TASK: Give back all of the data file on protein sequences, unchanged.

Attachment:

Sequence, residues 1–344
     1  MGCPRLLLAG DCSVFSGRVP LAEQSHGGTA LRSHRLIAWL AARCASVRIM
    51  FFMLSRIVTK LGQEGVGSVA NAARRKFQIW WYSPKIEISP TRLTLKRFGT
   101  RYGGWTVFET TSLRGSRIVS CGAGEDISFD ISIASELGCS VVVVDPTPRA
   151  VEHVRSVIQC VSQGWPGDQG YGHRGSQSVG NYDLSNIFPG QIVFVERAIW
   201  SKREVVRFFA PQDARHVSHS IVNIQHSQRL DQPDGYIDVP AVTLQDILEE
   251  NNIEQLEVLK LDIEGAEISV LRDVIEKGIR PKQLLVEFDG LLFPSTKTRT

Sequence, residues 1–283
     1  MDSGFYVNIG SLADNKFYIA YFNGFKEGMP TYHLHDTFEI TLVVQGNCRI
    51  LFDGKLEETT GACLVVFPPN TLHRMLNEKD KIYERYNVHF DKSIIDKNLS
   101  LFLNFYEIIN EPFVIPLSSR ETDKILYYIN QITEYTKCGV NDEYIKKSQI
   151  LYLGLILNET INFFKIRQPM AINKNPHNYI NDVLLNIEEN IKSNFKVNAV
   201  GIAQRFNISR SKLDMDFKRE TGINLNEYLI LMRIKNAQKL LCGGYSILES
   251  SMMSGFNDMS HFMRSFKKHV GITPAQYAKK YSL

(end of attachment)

Sequence, residues 1–344
     1  MGCPRLLLAG DCSVFSGRVP LAEQSHGGTA LRSHRLIAWL AARCASVRIM
    51  FFMLSRIVTK LGQEGVGSVA NAARRKFQIW WYSPKIEISP TRLTLKRFGT
   101  RYGGWTVFET TSLRGSRIVS CGAGEDISFD ISIASELGCS VVVVDPTPRA
   151  VEHVRSVIQC VSQGWPGDQG YGHRGSQSVG NYDLSNIFPG QIVFVERAIW
   201  SKREVVRFFA PQDARHVSHS IVNIQHSQRL DQPDGYIDVP AVTLQDILEE
   251  NNIEQLEVLK LDIEGAEISV LRDVIEKGIR PKQLLVEFDG LLFPSTKTRT

Sequence, residues 1–283
     1  MDSGFYVNIG SLADNKFYIA YFNGFKEGMP TYHLHDTFEI TLVVQGNCRI
    51  LFDGKLEETT GACLVVFPPN TLHRMLNEKD KIYERYNVHF DKSIIDKNLS
   101  LFLNFYEIIN EPFVIPLSSR ETDKILYYIN QITEYTKCGV NDEYIKKSQI
   151  LYLGLILNET INFFKIRQPM AINKNPHNYI NDVLLNIEEN IKSNFKVNAV
   201  GIAQRFNISR SKLDMDFKRE TGINLNEYLI LMRIKNAQKL LCGGYSILES
   251  SMMSGFNDMS HFMRSFKKHV GITPAQYAKK YSL